Sunday, 19 July 2009

"Randall and the River of Time" by C.S. Forester

C.S. Forester was the pen name of an English writer, whose real name was the more prosaic Smith. Born in Cairo in 1899, he was educated in England, including an unfinished training as a doctor at Guy's Hospital. He spent the latter part of his life in America, dieing there in 1966.

Forester is of course best known for his series of Hornblower novels, which are rivalled only by the Aubrey / Maturin novels of Patrick O'Brien. Like O'Brien, and perhaps Derek Robinson, he has been consistently under-estimated as a novelist because he chose to set his novels in war-time - though two of his Hornblower books won the James Tait Black prize, and Robinson was short-listed for the Booker.

In Forester's case this is particularly unfortunate since the Hornblower books were only part of his output. He wrote at least 18 other novels, as well as 13 history books (one of which was filmed as Hunt the Bismarck), plays, short stories and children's books. Of the remaining novels the best known are perhaps The African Queen and The Gun, which were both made into films, the latter under the title The Power and the Glory. The former, starring Humphrey Bogart and Katherine Hepburn, deservedly won Bogart an Oscar, though undeservedly his only one. The latter, starring Cary Grant, Frank Sinatra and Sophia Loren, and featuring a story-line butchered by Hollywood script writers, deservedly won nothing at all. In fact, it was chiefly notable for an offscreen romance between Loren and Grant, which led to a proposal of marriage from Grant and a rejection from Loren, who married Carlo Ponti a few months later.

Randall and the River of Time is from quite late in Forester's life (1950). The story is simply told. A young officer is the object of an attempted seduction by a brother officer's wife while on leave in England. Later, after the death in battle of her husband, she traps him into marriage and proceeds in due course to cuckold him and steal all his money. The climax is a set-piece courtroom drama, the outcome of which I am certainly not going to divulge. Like all of his books it is notable for his degree of characterisation, an art of which he was perhaps one of the greatest masters amongst modern novelists. Though the story is told through the eyes of the eponymous hero, Forester also makes plentiful use of dramatic irony by showing us things which Randall does not understand but we do. We know, for example, though it is never stated, that his mother disapproves of his wife and sees straight through her. We know too that the wife herself understands this. Yet Randall remains cheerfully oblivious until the facts become shockingly obvious. As for Randall himself, Forester makes us feel that we are truly inside him, sharing all the shyness, bravado and innocence that even several spells in the trenches have not been able to dispel.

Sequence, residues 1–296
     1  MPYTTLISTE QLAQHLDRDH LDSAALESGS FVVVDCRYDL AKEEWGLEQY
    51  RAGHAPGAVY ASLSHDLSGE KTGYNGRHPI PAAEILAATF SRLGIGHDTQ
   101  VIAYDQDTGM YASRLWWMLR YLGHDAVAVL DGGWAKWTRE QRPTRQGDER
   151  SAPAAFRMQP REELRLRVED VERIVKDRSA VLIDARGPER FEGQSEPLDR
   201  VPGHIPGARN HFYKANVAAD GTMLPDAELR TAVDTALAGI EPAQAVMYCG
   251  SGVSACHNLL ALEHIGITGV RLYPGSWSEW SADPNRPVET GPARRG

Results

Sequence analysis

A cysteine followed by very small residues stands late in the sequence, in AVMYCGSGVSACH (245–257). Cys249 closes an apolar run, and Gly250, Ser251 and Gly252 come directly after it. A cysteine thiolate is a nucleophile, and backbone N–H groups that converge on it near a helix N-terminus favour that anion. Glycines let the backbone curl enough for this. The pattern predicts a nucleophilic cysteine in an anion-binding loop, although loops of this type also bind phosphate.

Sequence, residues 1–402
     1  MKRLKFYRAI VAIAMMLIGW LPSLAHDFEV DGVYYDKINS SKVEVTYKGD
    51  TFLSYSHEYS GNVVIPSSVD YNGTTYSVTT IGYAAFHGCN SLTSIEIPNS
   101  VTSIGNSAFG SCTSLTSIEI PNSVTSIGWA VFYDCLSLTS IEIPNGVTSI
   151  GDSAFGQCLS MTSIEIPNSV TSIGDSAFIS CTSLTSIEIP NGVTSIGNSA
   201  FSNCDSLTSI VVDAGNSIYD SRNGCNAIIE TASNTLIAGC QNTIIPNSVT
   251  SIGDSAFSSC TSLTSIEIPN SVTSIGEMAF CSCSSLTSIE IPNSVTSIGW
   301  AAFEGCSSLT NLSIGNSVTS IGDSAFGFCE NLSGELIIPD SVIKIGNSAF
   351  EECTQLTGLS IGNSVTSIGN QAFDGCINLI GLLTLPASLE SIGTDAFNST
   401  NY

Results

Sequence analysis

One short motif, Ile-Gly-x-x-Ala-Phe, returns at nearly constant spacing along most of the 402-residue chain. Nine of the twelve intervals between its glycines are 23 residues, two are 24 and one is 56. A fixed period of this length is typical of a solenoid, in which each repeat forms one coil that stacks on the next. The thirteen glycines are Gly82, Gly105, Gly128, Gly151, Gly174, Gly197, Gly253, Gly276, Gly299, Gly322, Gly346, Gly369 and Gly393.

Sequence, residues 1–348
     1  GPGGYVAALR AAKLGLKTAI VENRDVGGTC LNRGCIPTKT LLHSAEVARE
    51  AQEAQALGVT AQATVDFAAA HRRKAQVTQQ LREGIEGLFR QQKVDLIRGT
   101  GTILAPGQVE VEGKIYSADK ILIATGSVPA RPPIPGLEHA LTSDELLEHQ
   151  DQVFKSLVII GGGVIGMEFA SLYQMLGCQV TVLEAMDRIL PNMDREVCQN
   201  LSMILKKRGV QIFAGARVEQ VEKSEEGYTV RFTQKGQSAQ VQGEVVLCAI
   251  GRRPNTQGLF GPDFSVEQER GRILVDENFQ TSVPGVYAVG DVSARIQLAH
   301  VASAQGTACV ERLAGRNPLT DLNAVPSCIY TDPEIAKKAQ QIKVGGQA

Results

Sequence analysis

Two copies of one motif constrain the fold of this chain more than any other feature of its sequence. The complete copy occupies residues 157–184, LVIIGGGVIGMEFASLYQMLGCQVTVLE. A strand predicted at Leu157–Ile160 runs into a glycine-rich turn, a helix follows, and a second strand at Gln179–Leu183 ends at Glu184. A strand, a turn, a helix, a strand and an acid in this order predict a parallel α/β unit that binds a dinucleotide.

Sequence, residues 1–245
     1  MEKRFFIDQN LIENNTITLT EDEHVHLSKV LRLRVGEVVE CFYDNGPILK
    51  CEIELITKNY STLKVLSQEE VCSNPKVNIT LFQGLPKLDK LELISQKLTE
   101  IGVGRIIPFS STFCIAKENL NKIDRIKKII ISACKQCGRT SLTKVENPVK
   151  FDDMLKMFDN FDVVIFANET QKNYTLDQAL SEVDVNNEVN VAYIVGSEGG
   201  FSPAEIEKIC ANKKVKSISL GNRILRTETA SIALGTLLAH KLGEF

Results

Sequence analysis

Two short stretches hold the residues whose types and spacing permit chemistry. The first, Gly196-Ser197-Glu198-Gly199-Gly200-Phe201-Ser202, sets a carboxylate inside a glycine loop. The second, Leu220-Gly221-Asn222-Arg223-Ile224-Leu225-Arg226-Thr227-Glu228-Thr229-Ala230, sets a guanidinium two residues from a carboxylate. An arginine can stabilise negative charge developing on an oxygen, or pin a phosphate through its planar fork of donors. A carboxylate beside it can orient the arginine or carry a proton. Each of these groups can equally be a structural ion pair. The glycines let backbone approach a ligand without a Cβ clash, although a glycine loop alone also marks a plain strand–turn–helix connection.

Shamefully, Randall and the River of Time seems last to have been published over twenty years ago and is now available only in second hand book shops (I found mine in one such in Tenby), but second hand copies are available on the internet and could presumably also be ordered from your local library. Many others of his books have suffered a similar fate. Given the quality of his writing, which in my view places him the front line of twentieth century novelists, this seems ridiculous. However, he is in good company, a company which includes various Booker prize winners. Once upon a time publishers issued what they believed to be quality literature, rather than recipe and diet books ghosted by so-called celebrities.

Please read not just this book but anything else you can lay your hands on by Forester. I promise that you will not be disappointed.

1 comment:

Anonymous said...

Agree entirely. Just finished a second hand copy having read many hornblowers. Once again i had to question why on earth isn't he still read. This could easily have been written by the likes of sebastien faulks or william boyd. Can't fathom why some publisher with his back catalogue doesn't push his books more. For some inexplicable reason the hornblower books have the worst childish covers and seemed to be aimed at cretins. Without Forester there would have been no flashman and certainly no Patrick O' Brian. Hemingway admired him greatly. I feel the same when I pick up all the old eric amblers and wonder why they aren't sitting along the shelf beside le Carre and Greene.